It might seem strange that you could do so well in predicting attitudes across multiple countries on a controversial topic. It would be strange, except that the data they used was restricted to a small group of people who were participating in a Twitter argument about abortion. The story admits this, but not until near the end.

In real life, you probably can’t learn that much about someone’s views on abortion by whether they tweet about cats or football. In the context of a small, highly polarised argument, you probably can.  In real life, people don’t necessarily agree with the views of the people they follow on Twitter, but in that context it’s not surprising that they do.  And in real life, if someone wants to find out your views on a controversial topic they’d probably be better off asking you than tracking down all your friends and asking them.


October 9, 2015

Predictive analytics and the rise of the machines

Some cautionary tales

  • “I would like to challenge this picture, and ask you to imagine data not as a pristine resource, but as a waste product, a bunch of radioactive, toxic sludge that we don’t know how to handle.” A talk by Maciej Ceglowski
  • How do you measure whether automated decision making ends up discriminating by race, when it doesn’t explicitly use race as an input? Two posts by Cathy O’Neil
  • A computer program that was accidentally trained to discriminate by gender and ethnicity
  • Why modern predictive analytics doesn’t give ‘algorithms’ in the sense of ‘recipes’, by Suresh Venkat (via @ndiakopoulos)


  • A 2010 post complaining about a continuing problem: when the media report on scientific papers that the journals haven’t yet made available to scientists.
  • Which bar is closest to a whole number in length?xl
    That’s right, the smallest one is exactly 1.0 and the others are all slightly larger than a whole number. Inspired by one of Kieran Healy’s examples
  • Linguistic statistics: G K Chesterton almost never used feminine pronouns in his novels.
  • The famous London Underground map, labelled with rents in the neighbourhood of each station. Would be interesting to see an Auckland map using trains and major bus routes. (via Flowing Data)
October 8, 2015

He’s a lumberjack and he’s inconsistently counted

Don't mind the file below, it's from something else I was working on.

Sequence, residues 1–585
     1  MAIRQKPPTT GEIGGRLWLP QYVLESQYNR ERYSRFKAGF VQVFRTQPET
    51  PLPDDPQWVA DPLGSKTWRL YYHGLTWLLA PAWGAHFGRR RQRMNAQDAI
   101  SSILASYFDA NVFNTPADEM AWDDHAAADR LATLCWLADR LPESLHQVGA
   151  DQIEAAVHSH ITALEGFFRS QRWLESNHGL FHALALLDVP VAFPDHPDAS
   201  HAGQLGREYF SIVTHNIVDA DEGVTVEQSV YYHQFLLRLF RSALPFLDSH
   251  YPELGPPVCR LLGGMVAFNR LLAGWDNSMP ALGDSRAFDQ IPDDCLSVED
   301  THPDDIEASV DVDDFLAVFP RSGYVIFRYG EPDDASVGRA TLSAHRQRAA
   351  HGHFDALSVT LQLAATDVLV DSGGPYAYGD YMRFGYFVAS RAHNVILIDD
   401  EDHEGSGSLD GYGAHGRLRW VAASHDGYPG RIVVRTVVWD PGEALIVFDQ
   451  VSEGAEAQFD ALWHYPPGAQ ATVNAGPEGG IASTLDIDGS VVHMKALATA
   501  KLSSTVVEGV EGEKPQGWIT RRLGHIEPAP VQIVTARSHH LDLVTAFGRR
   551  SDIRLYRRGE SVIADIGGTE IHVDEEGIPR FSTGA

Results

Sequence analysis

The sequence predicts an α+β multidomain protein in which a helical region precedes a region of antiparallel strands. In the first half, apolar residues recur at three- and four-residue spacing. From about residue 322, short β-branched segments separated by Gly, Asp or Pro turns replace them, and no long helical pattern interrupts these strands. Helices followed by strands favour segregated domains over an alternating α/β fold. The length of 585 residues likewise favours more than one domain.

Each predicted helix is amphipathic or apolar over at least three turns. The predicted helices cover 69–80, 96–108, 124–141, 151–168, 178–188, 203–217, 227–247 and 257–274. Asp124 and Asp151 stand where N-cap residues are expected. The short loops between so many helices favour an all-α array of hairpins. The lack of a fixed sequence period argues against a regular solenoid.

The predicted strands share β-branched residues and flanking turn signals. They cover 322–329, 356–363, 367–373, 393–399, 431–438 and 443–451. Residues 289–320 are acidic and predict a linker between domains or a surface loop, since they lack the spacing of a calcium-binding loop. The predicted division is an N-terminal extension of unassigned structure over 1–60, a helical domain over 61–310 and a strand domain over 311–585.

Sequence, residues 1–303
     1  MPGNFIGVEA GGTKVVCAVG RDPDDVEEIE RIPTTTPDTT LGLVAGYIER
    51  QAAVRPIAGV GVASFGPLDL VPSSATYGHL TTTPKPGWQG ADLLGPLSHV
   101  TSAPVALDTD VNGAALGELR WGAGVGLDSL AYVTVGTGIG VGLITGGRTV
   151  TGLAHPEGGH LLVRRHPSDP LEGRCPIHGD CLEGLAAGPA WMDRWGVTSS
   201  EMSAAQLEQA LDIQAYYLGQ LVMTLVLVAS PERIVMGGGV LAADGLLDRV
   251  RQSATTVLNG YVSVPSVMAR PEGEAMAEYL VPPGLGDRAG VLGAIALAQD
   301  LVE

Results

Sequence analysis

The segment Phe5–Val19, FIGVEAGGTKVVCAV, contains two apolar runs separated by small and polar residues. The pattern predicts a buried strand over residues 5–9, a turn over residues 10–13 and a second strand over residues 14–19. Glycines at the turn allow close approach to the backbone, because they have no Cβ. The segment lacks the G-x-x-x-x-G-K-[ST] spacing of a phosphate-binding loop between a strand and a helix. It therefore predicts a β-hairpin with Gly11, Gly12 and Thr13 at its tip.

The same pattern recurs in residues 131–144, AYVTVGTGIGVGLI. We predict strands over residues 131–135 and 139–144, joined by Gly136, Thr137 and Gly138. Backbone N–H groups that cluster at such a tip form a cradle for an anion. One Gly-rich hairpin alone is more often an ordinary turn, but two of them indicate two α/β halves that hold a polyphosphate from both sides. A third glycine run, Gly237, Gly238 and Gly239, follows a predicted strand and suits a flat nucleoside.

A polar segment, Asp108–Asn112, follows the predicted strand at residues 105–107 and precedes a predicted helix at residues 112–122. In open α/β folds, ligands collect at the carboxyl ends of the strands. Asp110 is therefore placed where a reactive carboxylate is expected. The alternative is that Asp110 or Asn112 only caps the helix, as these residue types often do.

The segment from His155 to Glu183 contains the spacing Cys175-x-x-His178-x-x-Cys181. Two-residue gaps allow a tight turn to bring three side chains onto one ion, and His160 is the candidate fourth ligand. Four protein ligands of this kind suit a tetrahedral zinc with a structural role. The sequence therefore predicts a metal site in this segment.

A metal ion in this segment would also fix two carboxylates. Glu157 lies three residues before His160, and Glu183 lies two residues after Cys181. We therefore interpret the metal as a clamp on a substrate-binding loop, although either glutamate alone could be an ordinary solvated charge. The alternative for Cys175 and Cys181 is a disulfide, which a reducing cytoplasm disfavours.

Official statistics agencies publish lots of useful information that gets used by researchers, by educators, by businesses, by journalists, and (with the help of groups like Figure.NZ) by everyone else.  A dilemma for these agencies is how to handle changes in the best ways to measure something. If you never change the definitions you get perfectly consistent reports of no-longer-useful information. If you do change the definitions, things don’t match up.

This graph is from a blog post by a Canadian economist, Liveo Di Matteo. It shows the number of Canadians employed in the lumber industry over time, patched together from several Statistics Canada time series.


Dr Di Matteo is a professional, and wasn’t trying to do anything subtle here — he just wanted a lecture slide — and a lot of this data was from the time when Stats Canada was among the best in the world, so it’s not a problem that’s easy to avoid. It’s just harder than it sounds to define who works in the lumber industry. For example, are the log drivers in the lumber industry, or are they something like “transport workers, not elsewhere classified”?


October 6, 2015

When the lack of news is the story

There are new (provisional) suicide figures out for the year to June, and the Herald has a story (and has embedded the summary report).

The problem with news stories on this topic is that the important statistics haven’t changed.  Suicide rates have been pretty much constant over the 9 years of data shown. It’s still true that New Zealand has a high suicide rate, that it’s much higher for men than women, and that it’s much higher for Māori than non-Māori, and lowest for Asians.

There were slightly more suicides this year than in recent years, almost the same per-capita rate as in 2011/12.  Most of the increase was in men, but it’s still not any sort of clear sign of a trend.  The Herald story leads with the changes, as news has to, but the real story is that we still haven’t managed to change anything.

October 5, 2015

Our favourite bogus poll

It’s time for Forest & Bird’s Bird of the Year competition. As with any bogus poll, we won’t learn what the true popularity of the various NZ birds actually is.


As long as it’s clear that bogus polls are being used for entertainment and advertising, not to collect information, there isn’t a statistical problem with them.